Best of Health – August 2018 – Breed Health & Conservation Plans
How to get the best out of your Breed Health and Conservation Plan
“Plans are nothing, planning is everything” – Gen. Dwight D Eisenhower
I expect most readers will be aware of the Kennel Club’s programme to develop Breed Health and Conservation Plans. This was launched in 2016 to ensure that, for every breed, all health concerns are identified through evidence-based criteria, and that breeders are provided with useful information and resources to support them in making balanced breeding decisions that make health a priority.
The first group of breeds included those in Breed Watch Category 3 (previously known as “high-profile breeds”, plus GSDs, Cavaliers and English Setters). We’ve heard relatively little about their BHCPs from the clubs and councils associated with them, so it’s difficult to know if and how they are working.
My breed, Dachshunds, is included in the second batch of breeds and I thought it might be useful to share our experience of the process and how we intend to make use of our BHCP.
Stage 1: Evidence gathering
Dr Katy Evans is the KC’s lead person on this project and her first task for each breed is to identify and review the published evidence of the state of the breed. The key inputs to this are:
- The KC’s own health surveys (2004 & 2014)
- Insurance data from Agria in the UK and Sweden
- Genetic diversity data from the KC’s 2015 study led by Dr Tom Lewis
- KC registration data
- BVA screening programme data (e.g. eyes, hips, elbows), where such programmes exist
- DNA test results, where tests exist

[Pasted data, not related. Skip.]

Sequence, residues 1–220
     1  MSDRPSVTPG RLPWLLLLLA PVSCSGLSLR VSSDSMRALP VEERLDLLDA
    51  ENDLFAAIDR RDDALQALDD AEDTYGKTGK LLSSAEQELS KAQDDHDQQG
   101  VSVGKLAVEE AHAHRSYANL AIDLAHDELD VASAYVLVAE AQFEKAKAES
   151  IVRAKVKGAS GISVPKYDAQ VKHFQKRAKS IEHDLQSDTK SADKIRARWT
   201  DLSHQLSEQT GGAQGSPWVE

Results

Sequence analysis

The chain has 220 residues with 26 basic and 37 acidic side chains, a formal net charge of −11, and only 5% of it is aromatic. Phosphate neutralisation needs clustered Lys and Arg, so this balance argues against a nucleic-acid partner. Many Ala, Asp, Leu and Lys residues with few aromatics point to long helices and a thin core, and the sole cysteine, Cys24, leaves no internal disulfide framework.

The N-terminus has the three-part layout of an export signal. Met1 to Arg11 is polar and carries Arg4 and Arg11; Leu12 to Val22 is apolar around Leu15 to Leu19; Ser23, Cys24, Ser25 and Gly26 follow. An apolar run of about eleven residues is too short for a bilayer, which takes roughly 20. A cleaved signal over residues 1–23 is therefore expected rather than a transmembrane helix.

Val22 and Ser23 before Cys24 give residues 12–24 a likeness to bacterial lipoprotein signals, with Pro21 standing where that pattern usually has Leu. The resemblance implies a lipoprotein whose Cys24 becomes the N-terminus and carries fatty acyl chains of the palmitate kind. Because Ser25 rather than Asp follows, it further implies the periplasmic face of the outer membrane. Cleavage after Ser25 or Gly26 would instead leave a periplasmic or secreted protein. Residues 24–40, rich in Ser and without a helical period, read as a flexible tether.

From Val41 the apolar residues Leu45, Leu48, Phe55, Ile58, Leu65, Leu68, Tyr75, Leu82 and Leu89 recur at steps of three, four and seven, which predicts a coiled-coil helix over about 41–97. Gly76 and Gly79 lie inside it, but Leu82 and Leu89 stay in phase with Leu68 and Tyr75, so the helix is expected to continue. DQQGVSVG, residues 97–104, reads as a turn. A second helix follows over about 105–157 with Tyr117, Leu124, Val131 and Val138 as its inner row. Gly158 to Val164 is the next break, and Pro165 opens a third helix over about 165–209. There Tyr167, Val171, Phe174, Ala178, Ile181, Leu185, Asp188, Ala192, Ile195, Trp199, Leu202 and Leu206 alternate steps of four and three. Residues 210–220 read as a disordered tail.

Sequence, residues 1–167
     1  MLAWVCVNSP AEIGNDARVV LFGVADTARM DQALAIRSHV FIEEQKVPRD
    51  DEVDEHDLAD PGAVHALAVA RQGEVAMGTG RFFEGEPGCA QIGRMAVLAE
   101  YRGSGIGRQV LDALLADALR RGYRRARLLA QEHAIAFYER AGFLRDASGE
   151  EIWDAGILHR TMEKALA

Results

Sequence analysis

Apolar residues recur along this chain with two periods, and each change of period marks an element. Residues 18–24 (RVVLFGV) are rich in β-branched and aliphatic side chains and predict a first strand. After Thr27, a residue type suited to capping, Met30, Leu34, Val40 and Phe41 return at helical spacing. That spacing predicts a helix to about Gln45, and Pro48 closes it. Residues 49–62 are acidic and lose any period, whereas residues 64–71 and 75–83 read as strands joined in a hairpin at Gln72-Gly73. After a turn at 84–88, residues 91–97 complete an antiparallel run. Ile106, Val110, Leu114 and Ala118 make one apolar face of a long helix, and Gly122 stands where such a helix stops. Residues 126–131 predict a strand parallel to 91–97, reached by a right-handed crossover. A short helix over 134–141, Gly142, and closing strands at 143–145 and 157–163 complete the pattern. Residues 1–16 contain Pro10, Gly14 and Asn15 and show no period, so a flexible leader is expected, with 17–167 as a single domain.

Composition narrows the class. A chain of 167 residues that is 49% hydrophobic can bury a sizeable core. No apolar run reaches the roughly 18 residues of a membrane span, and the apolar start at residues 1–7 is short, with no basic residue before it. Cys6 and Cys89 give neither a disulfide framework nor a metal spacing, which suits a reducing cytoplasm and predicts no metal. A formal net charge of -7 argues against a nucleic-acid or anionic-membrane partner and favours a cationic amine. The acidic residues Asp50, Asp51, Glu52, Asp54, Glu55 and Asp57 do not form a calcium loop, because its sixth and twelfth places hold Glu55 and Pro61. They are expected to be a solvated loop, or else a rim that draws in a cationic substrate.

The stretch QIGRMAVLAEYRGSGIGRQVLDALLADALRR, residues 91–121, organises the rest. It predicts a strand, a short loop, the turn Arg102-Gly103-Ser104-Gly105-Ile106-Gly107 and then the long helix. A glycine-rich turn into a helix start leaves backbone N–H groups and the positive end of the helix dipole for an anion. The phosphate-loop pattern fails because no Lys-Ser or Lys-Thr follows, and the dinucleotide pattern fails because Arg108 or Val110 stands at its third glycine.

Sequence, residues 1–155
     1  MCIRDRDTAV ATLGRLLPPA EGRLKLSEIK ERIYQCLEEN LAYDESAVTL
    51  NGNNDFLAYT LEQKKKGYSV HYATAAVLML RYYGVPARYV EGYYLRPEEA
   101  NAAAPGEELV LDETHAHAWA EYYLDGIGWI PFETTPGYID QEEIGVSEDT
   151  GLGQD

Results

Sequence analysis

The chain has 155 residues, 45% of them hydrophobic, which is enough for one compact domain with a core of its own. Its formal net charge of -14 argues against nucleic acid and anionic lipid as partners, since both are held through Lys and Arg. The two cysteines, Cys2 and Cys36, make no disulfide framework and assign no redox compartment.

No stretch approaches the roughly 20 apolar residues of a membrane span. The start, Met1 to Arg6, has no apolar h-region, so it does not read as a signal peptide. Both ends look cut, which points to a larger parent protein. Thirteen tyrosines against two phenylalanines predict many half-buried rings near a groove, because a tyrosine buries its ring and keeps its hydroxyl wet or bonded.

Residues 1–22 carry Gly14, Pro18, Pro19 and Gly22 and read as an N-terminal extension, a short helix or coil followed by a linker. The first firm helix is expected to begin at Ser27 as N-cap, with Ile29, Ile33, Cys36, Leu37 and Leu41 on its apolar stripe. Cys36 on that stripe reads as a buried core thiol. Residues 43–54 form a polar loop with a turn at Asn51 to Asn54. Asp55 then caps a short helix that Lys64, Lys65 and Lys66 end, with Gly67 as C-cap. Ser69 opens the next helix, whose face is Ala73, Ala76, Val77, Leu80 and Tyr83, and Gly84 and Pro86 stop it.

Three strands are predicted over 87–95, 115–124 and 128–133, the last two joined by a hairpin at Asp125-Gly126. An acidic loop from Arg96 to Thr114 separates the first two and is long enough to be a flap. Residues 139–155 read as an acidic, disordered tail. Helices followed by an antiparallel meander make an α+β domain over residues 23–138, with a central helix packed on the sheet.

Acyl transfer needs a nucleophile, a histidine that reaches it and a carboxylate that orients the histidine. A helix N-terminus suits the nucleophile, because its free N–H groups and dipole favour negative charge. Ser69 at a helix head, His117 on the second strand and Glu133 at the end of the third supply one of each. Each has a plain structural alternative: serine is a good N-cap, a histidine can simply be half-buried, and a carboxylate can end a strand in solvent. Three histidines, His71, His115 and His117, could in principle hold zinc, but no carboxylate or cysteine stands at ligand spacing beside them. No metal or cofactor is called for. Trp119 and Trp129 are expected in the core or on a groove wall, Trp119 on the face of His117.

- Reports from the RVC’s VetCompass project
- Eye test data from OFA in the USA
- Any data from health surveys carried out by the breed, itself
- Peer-reviewed scientific papers
- Results of any current research programmes initiated by the breed
This is a massive exercise to search for, collate and distil the evidence into a first draft paper for the breed to consider. Breed clubs owe a great debt of gratitude to Katy and her colleagues because, for the first time, we have all the available evidence relating to our breed in one place.
It is a “single source of the truth” for each breed. That doesn’t mean, however, that the summary report will give your breed the definitive prevalence for any particular health condition. You need to see the evidence base as the big picture which helps you to triangulate in on points of concern.
Stage 2: Prioritise
Findings from stage 1 are used collaboratively to provide clear indications of the most significant health conditions in each breed, in terms of prevalence and impact. This is the point where breed clubs and councils need to engage with the BHCP process. From a breed’s perspective, their Breed Health Coordinator (BHC) is the key point of contact between the breed and the KC. Every breed has to appoint a BHC and, often, there will also be a Health Committee. Both the BHC role and Health Committee are appointed to serve your breed and, in the case of Dachshunds, ours are accountable to our Breed Council. They act on our behalf, are accountable to the Council and are expected to put the interest of the dogs as their first priority (not politics).